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  2. Hi Dan, I know what you mean, for sure your every word again rings a giant bell in my head of things I also think about on a daily basis. Whether it’s good or bad we get thru it somehow, I have never asked how long I have got to live with my condition, mostly from fear that I would be counting down the months & or years, so would rather just be oblivious to it all & keep my fingers crossed that hopefully I have at least another 5years. Sometimes I think we just think too much about stuff & find it all too much to deal with, so it is easier to blot it all out & live one day at a time & enjoy the very simple things about being alive is enough.
    Last week a lovely neighbour died very suddenly of a heart attack, he was only in his early 50’s & left a lovely wife & 3 lovely sons. It was very upsetting & humbling as it made me realise we just don’t know what is around the corner & to be very thankful in just being alive today.

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    1. Hey Gaywin. It is true that it isn’t worth focusing on ‘time left’ or anything like that. I’ve heard about so many tragedies recently where things have happened suddenly and randomly. I’ve been trying to focus on the 1 day at a time approach again. The pickup in weather certainly helps that – don’t you think? I’m very sorry to hear about your neighbour too. Definitely provides some perspective on things!

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  3. I’m sorry you’re feeling bitter. It is alright, I think, to allow oneself to feel bitter, as long as it doesn’t start eating you up and taking control. As long as you are choosing to indulge in a bit of bitterness and work through the anger in a good way, all is good.

    I also wouldn’t worry about the downtime from your career – the reason it’s annoying is that you’re forced to take the downtime. On the whole, having a quiet patch or a complete break from the career path is quite a normal thing to do and doesn’t hurt in the long run.

    The bitterness you feel towards not being able to plan exciting things is also there mostly because you’re not in control of the very real and binding restrictions you are living with at the moment, I can imagine. Possibilities in life always change over a life time, sometimes because of changes you’re not in control of, and sometimes because of active choices. Maybe your sources of feeling content need to change and adapt to the current possibilities a little… Instead of banking on a trip or a full schedule to instill happiness, you could look for the same levels of happiness in the little moments all around you. It’s a difficult task when you’re in pain and feeling sick of course, but it’s also a conquerable challenge. Observing a sunset, diving into watching birds bathe, or focusing on a bee gathering pollen – all these things can make you immensely happy and content if you let them. I hope you find the energy to enjoy the things that are in your current radius.

    Don’t let bitterness take charge.

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    1. Thank you for this – very controlled and thoughtful as always! Sometimes I think I just forget the number of things hanging over me at the minute and expect myself to deal with them better. The upturn in weather these past few days have really helped me feel more positive. I’ve got such an amazing family around me too and that always helps get me through. Last week was just particularly tough I think. Hoping this cycle brings a bit more relief!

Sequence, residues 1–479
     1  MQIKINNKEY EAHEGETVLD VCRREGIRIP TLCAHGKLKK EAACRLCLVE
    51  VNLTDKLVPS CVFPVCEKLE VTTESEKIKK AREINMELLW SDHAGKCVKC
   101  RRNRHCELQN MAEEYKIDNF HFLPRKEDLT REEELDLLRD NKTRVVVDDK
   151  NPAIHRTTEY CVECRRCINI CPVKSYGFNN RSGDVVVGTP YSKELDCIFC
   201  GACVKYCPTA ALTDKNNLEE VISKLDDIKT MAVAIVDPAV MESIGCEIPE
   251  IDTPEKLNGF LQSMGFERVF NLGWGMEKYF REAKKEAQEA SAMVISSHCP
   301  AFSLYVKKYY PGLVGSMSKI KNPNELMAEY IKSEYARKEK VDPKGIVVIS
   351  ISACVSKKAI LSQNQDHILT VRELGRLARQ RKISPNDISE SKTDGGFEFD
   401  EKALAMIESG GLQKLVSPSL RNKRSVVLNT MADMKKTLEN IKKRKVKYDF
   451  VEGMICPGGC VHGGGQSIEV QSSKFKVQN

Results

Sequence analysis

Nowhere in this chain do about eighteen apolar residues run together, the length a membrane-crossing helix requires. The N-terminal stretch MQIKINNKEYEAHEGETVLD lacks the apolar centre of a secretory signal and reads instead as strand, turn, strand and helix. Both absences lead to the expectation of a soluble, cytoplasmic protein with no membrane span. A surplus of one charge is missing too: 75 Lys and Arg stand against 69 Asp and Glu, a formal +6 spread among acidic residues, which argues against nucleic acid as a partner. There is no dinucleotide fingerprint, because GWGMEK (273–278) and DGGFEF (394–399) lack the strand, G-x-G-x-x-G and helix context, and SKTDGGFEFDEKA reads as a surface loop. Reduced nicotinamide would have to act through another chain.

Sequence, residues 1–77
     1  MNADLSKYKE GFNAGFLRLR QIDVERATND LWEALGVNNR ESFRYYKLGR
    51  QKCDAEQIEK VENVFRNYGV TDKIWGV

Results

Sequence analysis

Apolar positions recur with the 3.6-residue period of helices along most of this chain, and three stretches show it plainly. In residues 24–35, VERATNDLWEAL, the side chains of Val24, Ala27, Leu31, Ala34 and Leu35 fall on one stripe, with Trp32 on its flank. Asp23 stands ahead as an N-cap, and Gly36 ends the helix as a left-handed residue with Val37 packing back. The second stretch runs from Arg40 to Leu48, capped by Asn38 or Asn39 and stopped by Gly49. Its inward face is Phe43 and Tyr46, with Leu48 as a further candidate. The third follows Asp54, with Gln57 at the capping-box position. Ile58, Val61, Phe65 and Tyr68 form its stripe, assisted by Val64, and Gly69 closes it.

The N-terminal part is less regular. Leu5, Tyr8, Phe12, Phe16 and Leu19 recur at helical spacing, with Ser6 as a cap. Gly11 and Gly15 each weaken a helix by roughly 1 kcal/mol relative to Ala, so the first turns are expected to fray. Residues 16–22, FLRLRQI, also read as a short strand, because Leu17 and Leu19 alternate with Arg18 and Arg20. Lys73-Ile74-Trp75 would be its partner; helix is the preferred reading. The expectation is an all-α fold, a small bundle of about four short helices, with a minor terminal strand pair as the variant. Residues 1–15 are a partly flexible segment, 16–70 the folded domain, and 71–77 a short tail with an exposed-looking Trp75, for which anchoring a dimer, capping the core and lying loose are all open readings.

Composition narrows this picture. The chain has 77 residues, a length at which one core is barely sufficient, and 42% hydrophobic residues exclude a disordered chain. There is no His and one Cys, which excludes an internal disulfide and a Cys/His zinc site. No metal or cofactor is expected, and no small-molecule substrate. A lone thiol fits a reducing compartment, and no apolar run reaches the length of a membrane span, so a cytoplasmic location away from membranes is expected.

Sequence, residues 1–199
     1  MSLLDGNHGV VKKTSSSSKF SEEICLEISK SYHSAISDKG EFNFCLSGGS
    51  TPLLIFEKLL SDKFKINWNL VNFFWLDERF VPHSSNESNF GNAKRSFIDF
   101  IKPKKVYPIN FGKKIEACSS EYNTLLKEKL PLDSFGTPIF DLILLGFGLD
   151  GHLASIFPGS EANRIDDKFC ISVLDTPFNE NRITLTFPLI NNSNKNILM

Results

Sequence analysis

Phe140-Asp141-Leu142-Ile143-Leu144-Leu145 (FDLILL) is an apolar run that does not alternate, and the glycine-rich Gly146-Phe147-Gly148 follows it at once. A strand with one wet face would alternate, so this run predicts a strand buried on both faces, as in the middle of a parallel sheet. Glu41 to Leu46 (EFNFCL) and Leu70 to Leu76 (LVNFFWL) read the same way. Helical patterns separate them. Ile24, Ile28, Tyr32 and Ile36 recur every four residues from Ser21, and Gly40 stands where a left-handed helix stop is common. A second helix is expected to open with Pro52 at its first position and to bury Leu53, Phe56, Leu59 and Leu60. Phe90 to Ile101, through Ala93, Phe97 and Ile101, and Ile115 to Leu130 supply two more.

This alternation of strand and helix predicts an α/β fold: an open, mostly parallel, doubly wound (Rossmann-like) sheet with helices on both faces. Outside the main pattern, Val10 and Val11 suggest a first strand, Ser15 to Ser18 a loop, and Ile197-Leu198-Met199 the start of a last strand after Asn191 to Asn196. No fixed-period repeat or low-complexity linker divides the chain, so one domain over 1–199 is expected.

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  4. Kate says:

    Hi Dan sorry you’ve had such a rough time lately but keep your head up and soldier on.I know people who have worked thru chemo but they have only been on the short sessions not the 6 hour one we’ve been on with the extra dose as well,I could not have done it what with all the tablets,injections,neuropathy and clinic appointments I was retiring anyway so never returned to work after being diagnosed which was sad as I couldn’t wind up my workload and have a proper send off and now don’t have many contacts from work,whether it’s because they don’t know what to say or they get fed up of talking about the C word I don’t know but to be fair I didn’t work locally.I don’t make plans and don’t have a bucket list I do what I want when I feel like it as you say we can’t think that far ahead I just hope to keep the next 3 month check up.This illness takes over your life you wake up thinking about it and go to sleep with it on your mind but it’s the time in between you have to try to function normally I’m better being outside walking and visiting places.Reading about other sufferers newly diagnosed we are already on the radar and having or had the treatment and the poor people in Ukraine have a worse life than us which a makes me thankful for a loving family and safe home.

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    1. So true about it taking over your life. There are so many things going on in the world which remind you how privileged you are, no matter what the position you’re in. I think there was just too much coming on me last week and with the additional stress of going to the hospital and having the word ‘bone cancer’ thrown around, I just lost sight of things a bit. I wanted to capture that somehow, though, so I wasn’t pushing this narrative that everything is always fine etc etc. Hope you’re doing well! Dan